Starbucks gets creative with new partnership
While the mediums through which it has played have grown and changed throughout the years, music is something that has always been a constant in life. The evolution of music-playing mediums has been a fascinating journey, one that continues to impress.
The trend today is app-based services that provide a plethora of music at your fingertips. One of the most popular of these apps is Spotify, which offers music for everyone.
Spotify is now teaming up with Starbucks after the coffee powerhouse recently dumped CD sales, which they have famously sold at their counters for years.
This two-part team is collaborating on what is known as a “music ecosystem” where baristas at each individual Starbucks have a say in what is played. The baristas, along with other Starbucks employees, will have access to Spotify’s premium subscription.
A multi-year deal that is more than a jukebox
Starbucks and Spotify have created a multi-year deal that will allow the streaming service to create playlists suited for Starbucks customers. Coming this fall, employees and customers will begin to select the songs that fill the air of the famous coffee shop.
In addition, Spotify will be incorporated into the Starbucks app, allowing listeners the opportunity to collect Starbucks’ reward points as a part of the collaboration. The Starbucks mobile app offers a rewards loyalty program and will develop what is called “Stars as Currency.” This is the first time in history that Starbucks is allowing a third party to integrate with their program.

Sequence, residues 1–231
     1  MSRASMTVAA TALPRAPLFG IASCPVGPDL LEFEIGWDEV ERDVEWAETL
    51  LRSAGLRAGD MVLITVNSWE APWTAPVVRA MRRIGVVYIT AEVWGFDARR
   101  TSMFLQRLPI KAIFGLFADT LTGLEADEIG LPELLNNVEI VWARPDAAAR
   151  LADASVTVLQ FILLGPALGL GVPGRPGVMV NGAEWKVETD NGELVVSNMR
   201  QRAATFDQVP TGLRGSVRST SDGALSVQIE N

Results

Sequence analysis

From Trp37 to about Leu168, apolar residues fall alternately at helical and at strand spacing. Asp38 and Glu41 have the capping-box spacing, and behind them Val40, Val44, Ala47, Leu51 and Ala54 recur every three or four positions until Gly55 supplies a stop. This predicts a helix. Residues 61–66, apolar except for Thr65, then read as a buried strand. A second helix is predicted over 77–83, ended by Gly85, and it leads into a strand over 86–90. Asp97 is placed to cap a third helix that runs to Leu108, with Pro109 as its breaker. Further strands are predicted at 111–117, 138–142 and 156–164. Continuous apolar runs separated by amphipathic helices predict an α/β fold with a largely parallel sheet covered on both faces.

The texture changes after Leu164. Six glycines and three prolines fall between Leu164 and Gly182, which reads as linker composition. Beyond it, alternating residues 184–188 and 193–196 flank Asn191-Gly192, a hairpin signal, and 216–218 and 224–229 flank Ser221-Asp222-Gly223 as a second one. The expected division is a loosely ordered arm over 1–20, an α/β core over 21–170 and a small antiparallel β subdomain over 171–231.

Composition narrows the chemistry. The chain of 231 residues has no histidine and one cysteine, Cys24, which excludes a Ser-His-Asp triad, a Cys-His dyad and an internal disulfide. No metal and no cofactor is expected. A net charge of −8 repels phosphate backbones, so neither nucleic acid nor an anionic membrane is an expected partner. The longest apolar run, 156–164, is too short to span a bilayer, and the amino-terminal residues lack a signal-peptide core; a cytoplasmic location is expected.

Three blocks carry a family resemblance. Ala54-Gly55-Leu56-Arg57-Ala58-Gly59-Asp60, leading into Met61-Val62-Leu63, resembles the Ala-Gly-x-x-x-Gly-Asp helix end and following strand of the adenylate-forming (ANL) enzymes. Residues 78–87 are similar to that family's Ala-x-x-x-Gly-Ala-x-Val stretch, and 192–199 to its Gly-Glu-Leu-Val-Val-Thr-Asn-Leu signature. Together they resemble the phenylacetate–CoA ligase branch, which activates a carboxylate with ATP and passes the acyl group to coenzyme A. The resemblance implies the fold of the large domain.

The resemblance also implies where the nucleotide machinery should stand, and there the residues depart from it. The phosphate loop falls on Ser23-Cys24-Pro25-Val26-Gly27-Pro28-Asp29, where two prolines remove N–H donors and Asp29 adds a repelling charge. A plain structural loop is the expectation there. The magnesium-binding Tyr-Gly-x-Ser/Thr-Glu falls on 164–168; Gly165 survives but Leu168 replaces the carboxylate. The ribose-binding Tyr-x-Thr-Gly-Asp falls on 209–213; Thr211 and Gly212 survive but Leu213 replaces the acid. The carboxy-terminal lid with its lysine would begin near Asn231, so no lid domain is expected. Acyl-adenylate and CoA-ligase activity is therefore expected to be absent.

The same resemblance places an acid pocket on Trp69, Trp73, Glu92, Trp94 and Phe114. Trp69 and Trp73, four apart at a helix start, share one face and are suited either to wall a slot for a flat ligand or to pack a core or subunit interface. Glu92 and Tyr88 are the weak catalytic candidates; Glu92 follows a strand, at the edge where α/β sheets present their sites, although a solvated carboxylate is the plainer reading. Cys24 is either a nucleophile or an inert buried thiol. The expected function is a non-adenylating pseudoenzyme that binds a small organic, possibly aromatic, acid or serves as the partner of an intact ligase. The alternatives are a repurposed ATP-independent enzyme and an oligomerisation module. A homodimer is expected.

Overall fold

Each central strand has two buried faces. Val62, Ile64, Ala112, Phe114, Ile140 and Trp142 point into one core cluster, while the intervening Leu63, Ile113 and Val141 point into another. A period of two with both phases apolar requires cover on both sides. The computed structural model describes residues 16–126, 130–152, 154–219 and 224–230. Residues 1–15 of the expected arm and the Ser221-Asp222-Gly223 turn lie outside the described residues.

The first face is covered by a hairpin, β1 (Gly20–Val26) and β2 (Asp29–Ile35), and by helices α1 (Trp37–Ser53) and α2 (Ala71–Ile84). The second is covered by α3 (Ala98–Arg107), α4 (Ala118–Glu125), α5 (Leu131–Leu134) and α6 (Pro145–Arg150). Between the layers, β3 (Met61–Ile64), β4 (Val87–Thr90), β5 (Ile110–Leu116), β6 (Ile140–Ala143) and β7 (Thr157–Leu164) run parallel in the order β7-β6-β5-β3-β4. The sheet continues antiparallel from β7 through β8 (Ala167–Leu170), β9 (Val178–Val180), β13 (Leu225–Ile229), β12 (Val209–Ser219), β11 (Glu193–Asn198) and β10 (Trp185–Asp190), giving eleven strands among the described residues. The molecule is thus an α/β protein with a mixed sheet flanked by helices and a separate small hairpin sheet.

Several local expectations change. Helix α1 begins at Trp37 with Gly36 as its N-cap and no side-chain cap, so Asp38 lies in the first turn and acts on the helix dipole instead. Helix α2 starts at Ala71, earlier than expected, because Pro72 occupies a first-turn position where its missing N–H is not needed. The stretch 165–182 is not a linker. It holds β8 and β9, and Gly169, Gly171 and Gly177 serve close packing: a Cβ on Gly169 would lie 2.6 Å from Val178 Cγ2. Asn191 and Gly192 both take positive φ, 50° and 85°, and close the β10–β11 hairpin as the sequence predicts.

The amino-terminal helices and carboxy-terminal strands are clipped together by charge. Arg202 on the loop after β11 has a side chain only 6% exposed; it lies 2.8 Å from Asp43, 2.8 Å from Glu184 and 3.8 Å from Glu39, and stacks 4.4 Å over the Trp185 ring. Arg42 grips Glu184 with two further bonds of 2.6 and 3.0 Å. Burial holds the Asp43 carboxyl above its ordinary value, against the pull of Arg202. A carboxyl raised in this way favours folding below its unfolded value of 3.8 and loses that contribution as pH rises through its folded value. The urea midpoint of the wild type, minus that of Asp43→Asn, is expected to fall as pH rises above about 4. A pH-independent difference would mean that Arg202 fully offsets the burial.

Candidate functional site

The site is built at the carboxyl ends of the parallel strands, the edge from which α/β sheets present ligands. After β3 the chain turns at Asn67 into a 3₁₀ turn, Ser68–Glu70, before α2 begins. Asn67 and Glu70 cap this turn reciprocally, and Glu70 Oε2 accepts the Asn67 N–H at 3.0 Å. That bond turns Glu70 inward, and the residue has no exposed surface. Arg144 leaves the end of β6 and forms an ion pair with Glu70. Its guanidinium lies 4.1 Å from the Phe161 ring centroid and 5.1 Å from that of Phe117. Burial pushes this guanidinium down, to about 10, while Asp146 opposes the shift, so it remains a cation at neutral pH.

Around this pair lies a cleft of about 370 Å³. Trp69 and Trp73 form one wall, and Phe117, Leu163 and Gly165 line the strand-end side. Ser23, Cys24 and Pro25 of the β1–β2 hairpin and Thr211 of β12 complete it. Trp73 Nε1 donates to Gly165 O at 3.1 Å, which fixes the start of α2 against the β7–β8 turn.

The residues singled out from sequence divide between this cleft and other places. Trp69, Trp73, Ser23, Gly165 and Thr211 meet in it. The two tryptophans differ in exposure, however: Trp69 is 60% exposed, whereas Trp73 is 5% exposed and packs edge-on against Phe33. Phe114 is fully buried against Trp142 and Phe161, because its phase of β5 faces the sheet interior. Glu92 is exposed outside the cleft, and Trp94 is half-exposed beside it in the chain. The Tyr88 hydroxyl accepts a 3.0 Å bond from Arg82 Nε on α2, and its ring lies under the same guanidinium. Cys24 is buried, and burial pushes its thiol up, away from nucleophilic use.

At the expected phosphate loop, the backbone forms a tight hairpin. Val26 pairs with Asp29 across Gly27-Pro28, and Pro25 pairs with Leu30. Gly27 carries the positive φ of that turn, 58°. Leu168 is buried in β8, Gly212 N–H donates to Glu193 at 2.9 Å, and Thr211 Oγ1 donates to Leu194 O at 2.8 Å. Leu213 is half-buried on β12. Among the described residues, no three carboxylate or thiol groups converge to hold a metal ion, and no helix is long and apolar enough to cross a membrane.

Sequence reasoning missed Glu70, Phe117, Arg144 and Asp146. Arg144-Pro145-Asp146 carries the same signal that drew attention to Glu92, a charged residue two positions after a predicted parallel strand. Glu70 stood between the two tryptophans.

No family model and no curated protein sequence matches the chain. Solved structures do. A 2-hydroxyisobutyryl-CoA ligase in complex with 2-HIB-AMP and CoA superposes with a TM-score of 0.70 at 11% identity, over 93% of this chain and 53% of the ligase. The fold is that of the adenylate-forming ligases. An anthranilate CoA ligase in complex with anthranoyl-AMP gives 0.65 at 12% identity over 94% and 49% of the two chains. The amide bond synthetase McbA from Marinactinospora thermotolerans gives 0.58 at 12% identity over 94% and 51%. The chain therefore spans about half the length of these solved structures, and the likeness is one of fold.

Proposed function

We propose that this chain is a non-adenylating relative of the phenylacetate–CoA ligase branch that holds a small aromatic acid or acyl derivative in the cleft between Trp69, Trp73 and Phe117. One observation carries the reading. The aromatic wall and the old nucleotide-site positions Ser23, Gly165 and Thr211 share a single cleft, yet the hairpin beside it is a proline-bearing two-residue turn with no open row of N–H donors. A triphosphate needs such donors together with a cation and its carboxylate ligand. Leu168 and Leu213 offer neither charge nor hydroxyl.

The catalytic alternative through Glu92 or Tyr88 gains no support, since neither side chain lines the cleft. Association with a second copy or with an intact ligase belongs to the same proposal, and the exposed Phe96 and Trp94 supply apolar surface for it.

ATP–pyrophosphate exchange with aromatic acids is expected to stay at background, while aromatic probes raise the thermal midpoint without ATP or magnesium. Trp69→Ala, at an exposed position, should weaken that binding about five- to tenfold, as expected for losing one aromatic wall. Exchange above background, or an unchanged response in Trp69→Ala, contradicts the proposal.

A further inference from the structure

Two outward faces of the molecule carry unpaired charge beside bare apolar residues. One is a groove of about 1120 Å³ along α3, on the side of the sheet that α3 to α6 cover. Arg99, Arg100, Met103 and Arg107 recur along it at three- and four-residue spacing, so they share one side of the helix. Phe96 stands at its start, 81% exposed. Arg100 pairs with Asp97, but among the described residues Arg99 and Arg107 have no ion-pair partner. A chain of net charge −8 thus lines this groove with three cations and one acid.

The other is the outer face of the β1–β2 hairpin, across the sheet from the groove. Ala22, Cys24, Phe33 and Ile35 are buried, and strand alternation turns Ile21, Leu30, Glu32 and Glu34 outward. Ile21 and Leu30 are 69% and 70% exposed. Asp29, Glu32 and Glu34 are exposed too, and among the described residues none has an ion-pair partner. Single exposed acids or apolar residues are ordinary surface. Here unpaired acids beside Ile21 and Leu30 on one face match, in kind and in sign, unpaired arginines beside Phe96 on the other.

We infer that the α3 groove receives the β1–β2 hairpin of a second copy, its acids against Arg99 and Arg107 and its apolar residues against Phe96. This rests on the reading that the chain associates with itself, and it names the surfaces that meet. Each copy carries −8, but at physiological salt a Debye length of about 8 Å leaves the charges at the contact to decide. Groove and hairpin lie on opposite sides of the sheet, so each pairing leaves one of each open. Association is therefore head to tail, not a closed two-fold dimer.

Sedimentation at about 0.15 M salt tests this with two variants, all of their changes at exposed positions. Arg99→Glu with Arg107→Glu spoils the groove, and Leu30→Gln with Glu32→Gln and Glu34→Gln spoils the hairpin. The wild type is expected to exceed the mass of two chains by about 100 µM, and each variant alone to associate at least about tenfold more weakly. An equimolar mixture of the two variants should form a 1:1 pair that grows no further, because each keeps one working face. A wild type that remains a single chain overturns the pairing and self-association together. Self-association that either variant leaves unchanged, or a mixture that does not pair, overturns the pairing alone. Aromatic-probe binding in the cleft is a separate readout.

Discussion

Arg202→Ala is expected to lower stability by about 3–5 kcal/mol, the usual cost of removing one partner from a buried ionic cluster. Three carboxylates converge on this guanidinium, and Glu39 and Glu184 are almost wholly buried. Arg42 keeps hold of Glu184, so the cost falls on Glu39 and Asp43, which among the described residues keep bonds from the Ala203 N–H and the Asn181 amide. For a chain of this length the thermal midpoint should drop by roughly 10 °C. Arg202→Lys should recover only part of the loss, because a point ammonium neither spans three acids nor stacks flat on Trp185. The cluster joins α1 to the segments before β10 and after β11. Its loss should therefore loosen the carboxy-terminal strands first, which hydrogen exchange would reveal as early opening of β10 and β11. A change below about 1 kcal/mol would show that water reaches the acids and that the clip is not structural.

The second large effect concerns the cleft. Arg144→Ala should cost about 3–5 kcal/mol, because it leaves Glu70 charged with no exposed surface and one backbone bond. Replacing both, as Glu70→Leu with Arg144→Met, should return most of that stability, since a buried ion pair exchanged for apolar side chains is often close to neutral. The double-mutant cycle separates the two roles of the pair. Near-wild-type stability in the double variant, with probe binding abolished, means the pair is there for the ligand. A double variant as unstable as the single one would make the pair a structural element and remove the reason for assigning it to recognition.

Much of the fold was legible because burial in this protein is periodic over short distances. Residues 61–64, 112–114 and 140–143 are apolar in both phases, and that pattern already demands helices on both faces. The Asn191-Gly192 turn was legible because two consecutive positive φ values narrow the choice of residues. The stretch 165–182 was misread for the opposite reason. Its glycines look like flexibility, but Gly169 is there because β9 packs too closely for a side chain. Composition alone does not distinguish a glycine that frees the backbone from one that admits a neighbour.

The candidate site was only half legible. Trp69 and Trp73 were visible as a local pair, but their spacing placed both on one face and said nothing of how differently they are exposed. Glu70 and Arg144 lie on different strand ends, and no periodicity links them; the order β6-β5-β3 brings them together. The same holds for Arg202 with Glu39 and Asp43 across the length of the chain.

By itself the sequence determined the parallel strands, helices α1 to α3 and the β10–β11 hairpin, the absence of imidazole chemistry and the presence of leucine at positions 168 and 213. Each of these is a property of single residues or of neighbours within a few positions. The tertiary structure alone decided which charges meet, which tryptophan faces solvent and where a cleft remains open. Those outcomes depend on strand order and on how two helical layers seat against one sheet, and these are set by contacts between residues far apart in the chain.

Through this “ecosystem,” customers will be able to suggest songs for playlists, giving the whole idea a sort of DJ feel. The process will begin in the U.S. and will then make it’s way through Canada and the United Kingdom.
Will the program have an impact?
Starbucks has always had a strong focus on music as they began selling CDs in 1994. The company even developed a music label with Concord known as Hear Music and signed Paul McCartney to a CD in 2007.
The concept is interesting and is seemingly a good step for Starbucks (especially in light of some locations being forced over the years to endure some horrible reggae music or screeching alt rock artists). However, Starbucks is a place where people grab a quick coffee while often on their computers or listening to their headphones. It may be difficult to get customers engaged with song-selection.